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Portal

Originally just a side note released alongside fan favorites such as Half Life 2: Episode Two and Team Fortress 2 in the Orange Box, the Portal franchise has bloomed into its own fan-favorite game series, even if Valve and Steam continue to be unable to count to 3. With the introduction of GLaDOS and the genesis of Aperture Science to mirror Half-Life’s Black Mesa, this series has grabbed the hearts of many fans for years to come, and this a short classic worth revisiting if you are new to the concept. 

All images and media courtesy of Valve Corporation

Overall Rating

4.3/5

1 - Visuals

3.5/5

Considering Portal was initially released nearly 14 years ago on October 10th, 2007, the graphics are nothing to sneeze at. The minimalist and austere room designs help to highlight what is important for gameplay and puzzle solving, and the environment building and story provided by the Rat Man drawings help to hint at the larger narrative challenges before they arise, leaving savvy players anticipating and being rewarded for their view. The original Portal has very few unique graphics of its own, and the vast majority of the visual assets are reused from Half-Life 2, supporting the same base source code and art due to the small team size. While extremely efficient from a development standpoint, it does leave the game lacking for the visual punch other games from this era may have.

For decent, if plain, graphics, Visuals gets 3.5 stars. 

2 - Audio

4/5

In a similar vein to its sequel, the Portal soundtrack largely consists of highly atmospheric, non-lyrical ambient music designed to match the mysterious mood of the environments. Sounds of distant movement, along with musical motifs for puzzle solving elements, work as a backdrop to the puzzles of the game, driving players forward without stealing the spotlight. Most notably, the main antagonist of the game, GLaDOS, performs a single, lyrical song over the credits working to wrap up the climactic end of the game and tease players towards the second game. 

Special thanks to the Orange Box Modding group for the above image

The song is an exceptionally memorable way to end a high-tension moment and catchy AF. It’s also surprisingly difficult to sing, showing off Ellen McLain’s (the voice of GLaDOS) background as a classically-trained operatic soprano. For one of my favorite songs, Audio gets 4 stars.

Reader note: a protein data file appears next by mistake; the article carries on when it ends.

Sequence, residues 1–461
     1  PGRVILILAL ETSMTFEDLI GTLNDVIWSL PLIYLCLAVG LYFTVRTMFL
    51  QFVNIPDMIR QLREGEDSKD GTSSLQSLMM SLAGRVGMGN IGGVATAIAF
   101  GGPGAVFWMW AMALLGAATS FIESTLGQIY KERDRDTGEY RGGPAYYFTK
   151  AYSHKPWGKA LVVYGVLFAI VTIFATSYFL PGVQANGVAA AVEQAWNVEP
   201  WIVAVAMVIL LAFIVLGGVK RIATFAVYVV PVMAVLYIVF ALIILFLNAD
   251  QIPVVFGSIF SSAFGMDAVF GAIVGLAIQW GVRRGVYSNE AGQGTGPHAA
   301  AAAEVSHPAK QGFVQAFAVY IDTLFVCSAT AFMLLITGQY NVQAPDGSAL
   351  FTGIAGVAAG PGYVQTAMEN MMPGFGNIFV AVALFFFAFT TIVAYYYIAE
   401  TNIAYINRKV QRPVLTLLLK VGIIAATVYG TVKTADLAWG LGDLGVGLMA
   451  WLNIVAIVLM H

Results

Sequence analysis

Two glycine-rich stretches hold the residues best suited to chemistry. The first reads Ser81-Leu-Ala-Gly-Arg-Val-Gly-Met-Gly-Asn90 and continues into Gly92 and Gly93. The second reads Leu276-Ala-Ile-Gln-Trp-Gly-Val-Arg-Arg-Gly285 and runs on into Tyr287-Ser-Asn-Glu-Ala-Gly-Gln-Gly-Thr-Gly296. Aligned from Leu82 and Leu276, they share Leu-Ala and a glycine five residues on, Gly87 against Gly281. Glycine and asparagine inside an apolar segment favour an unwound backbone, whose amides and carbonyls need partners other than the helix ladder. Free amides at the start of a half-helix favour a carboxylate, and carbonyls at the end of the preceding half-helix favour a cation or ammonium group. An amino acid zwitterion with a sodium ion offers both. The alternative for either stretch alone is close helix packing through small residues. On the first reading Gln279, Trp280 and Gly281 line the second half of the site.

3 - Story/Progression

5/5

Now, the story… the tone… this is what really makes Portal stand out for many players as a favorite game. With GLaDOS as our only speaking cast member, her narrative and dialogue are practically oozing with dark, deadpan humor, causing players to fall in love with the mad AI. Despite its short game time (about 40 minutes for the experienced player), Portal holds a clear and cohesive narrative structure with a beginning, middle, and end that feels both satisfying and complete by the end of the experience. 

For a short and sweet story with such beloved characters, Story gets the full 5 stars.

4 - Gameplay

5/5

The gameplay and concept of Portal were actually initially found in the student game Narbacular Drop; soon, Valve hired the original team to work on Portal due to their innovative puzzle-solving mechanics and physics which actually worked despite the conceptually-challenging topic. Personally, I’ve seen the gameplay of Portal lauded in video game museums due to its cutting-edge technique and mechanics, being considered one of the best video games of all time. With the simple mechanic of two portals and the conservation of momentum, players waste no time at all in flinging themselves around with very little need for tutorial or explanation. While hard to explain in writing, playing the game feels natural and intuitive, with just enough really hard puzzles to trip people up.

For memorable and momentous gameplay, Gameplay receives the full 5 stars. 

5 - Context

4/5

Riding off the existing fans of both TF2 and Half Life in its Orange Box release, Portal received more critical acclaim and praise than either of the games it shipped with. The fan base loved it, with an extreme fan-following generated behind the Weighted Companion Cube, despite the cube neither talking nor moving on its own for the entirety of the game. Portal has also become known for a number of popular quotes and lines of dialogue, such as the enigmatic statement from Rat Man that “The cake is a lie.” 

Despite its age, Portal still holds a place of honor among its dedicated fans and earns a Context score of 4 stars.

Conclusion

Portal is an excellent puzzle-platforming game with outstanding and innovative gameplay, and a pitch black sense of humor. From killer AI personalities to ambient soundtracks to test to, Portal  is a great game to revisit and reintroduce to a new generation of gamers with a love for dark humor, and soaked in cultural references. 

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